- Evolution of Government During the 17th century, Europe went through political conversation regarding government structure. English philosopher Thomas Hobbes published his document Leviathan during the War of Religion. The War of Religion was a time period in which Europe was trying to establish its religion between Catholic and French Protestants and this process resulted in uproar throughout Europe. Hobbes was exposed to the conflicts of the War in England, which drastically changed his view of government and influenced him to relocate in France.... [tags: Thomas Hobbes, Political philosophy]
1172 words (3.3 pages)
- Humans are social creatures. We are motivated when other humans praise us or reward us. In other words, we have an appetite for love. Conversely, we feel fear when other humans threaten to take away our rights. We are motivated to change our circumstances to avoid this feeling of fear. In The Leviathan, Thomas Hobbes examines how humans forge social contracts in order to build societies that will protect themselves from fear. Hobbes theorizes what humanity would be like in the state of nature, “where every man is enemy to every man”.... [tags: Political philosophy, Thomas Hobbes]
1056 words (3 pages)
- In his book The Leviathan Thomas Hobbes begins with bringing to the readers attention that despite the fact that all men may not be deemed equal that they were created equal. He backs up this statement by saying, "For as to the strength of body, the weakest has strength enough to kill the strongest, either by a secret machination, or by confederacy with others, that are in the same danger with himself. In saying this, Hobbes illustrates that physical strength is not really an issue or a major factor.... [tags: Thomas Hobbes' Philosophy]
2075 words (5.9 pages)
- Different schools of thought have generated arguments since the beginning of civilization. They represent different perspectives of every part of life, whether its religion or politics. The realist school and the humanist perspectives offer people different views in many different aspects. The realist school is based on the thought that human nature is not perfectible. Human nature is viewed as evil and something that cannot be trusted or counted on. In order to have a successful society the citizens need to be controlled by a strong sovereign government.... [tags: Thomas Hobbes' Philosophy]
732 words (2.1 pages)
- Thomas Hobbes Thomas Hobbes was an English philosopher who lived from 1588-1679. He attended Oxford University where he studied classics. His occupation was a tutor, but he also traveled around Europe to meet with scientists and to study different forms of government. He became interested in why people allowed themselves to be ruled, and what would be the best form of government for England. Thomas Hobbes was the first great figure in modern moral philosophy. Hobbes had a pessimistic view of people; he believed humans were selfish creatures who would do anything to better their positions.... [tags: Thomas Hobbes' Philosophy]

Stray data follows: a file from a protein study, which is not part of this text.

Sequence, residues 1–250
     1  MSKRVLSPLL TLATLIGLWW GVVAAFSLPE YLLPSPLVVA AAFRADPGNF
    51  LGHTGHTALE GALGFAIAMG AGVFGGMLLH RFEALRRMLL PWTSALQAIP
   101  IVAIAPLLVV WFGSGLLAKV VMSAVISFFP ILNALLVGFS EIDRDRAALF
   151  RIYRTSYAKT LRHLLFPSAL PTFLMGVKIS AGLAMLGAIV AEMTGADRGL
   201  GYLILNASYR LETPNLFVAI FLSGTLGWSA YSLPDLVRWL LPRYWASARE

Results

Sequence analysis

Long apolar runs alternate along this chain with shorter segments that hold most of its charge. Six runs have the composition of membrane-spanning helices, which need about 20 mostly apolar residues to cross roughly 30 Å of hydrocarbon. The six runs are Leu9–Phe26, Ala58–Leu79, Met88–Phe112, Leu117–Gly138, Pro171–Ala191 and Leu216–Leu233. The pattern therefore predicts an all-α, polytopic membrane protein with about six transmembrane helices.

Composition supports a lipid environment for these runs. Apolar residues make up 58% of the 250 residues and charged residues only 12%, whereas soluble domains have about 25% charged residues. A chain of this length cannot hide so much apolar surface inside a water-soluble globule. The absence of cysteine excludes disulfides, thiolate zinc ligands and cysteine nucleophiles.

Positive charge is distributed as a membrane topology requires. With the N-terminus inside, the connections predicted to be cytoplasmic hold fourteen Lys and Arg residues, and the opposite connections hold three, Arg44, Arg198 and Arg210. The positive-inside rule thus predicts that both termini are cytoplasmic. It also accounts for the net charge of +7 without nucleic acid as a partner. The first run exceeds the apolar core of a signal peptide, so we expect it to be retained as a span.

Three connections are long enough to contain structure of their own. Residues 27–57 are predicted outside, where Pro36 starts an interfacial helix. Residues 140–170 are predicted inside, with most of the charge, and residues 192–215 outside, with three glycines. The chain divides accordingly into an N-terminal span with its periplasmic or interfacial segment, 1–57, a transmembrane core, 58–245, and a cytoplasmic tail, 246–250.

517 words (1.5 pages)
- Thomas Hobbes' Leviathan Above anything else, Thomas Hobbes’ Leviathan is a creation story and an investigation of human nature. The story begins in a time of chaos and death and through a journey of human development culminates in the establishment of a sustainable and rational society—the commonwealth—led by a sovereign. At a first casual glance, Hobbes’ reasoning of the transformation from the state of nature to the commonwealth is not airtight. A few possible objections can be quickly spotted: the contradictions of natural law with suicide and the civil law to honor even harmful covenants.... [tags: Hobbes Thomas Leviathan Essays]
1937 words (5.5 pages)
- Thomas Hobbes begins Leviathan with Book 1: Of Man, in which he builds, layer by layer, a foundation for his eventual argument that the “natural condition” of man, or one without sovereign control, is one of continuous war, violence, death, and fear. Hobbes's depiction of this state is the most famous passage in Leviathan: [D]uring the time men live without a common Power to keep them all in awe, they are in a condition which is called Warre; and such a warre, as is of every man, against every man.... [tags: Thomas Hobbes' Philosophy]
670 words (1.9 pages)
- George Bernard Shaw 's Pygmalion And Androcles And The Lion
- Death Penalty Is Wrong Or Wrong?
- The Loss Of The Insurance Money
- Advanced Practice Registered Nurses At The State Of Florida Will Be Appropriate For Consideration
- The Impact On The Original Inhabitants Of Australia
- Julian Of Norwich : The Spiritual And Blessed Person